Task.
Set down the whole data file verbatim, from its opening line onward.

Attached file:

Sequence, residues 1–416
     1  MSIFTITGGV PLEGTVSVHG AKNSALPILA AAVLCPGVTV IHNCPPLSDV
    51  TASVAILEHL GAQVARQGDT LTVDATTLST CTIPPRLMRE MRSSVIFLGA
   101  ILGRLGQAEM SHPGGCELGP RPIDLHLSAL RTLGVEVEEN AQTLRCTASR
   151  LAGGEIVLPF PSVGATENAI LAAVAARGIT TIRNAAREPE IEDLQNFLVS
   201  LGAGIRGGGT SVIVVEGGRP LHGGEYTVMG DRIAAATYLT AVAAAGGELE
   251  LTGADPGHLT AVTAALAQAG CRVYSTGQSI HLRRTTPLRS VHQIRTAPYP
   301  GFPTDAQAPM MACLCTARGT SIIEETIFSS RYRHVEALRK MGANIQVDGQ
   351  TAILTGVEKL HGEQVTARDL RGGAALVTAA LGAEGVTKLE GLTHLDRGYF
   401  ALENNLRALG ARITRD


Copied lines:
Sequence, residues 1–416
     1  MSIFTITGGV PLEGTVSVHG AKNSALPILA AAVLCPGVTV IHNCPPLSDV
    51  TASVAILEHL GAQVARQGDT LTVDATTLST CTIPPRLMRE MRSSVIFLGA
   101  ILGRLGQAEM SHPGGCELGP RPIDLHLSAL RTLGVEVEEN AQTLRCTASR
   151  LAGGEIVLPF PSVGATENAI LAAVAARGIT TIRNAAREPE IEDLQNFLVS
   201  LGAGIRGGGT SVIVVEGGRP LHGGEYTVMG DRIAAATYLT AVAAAGGELE
   251  LTGADPGHLT AVTAALAQAG CRVYSTGQSI HLRRTTPLRS VHQIRTAPYP
   301  GFPTDAQAPM MACLCTARGT SIIEETIFSS RYRHVEALRK MGANIQVDGQ
   351  TAILTGVEKL HGEQVTARDL RGGAALVTAA LGAEGVTKLE GLTHLDRGYF
   401  ALENNLRALG ARITRD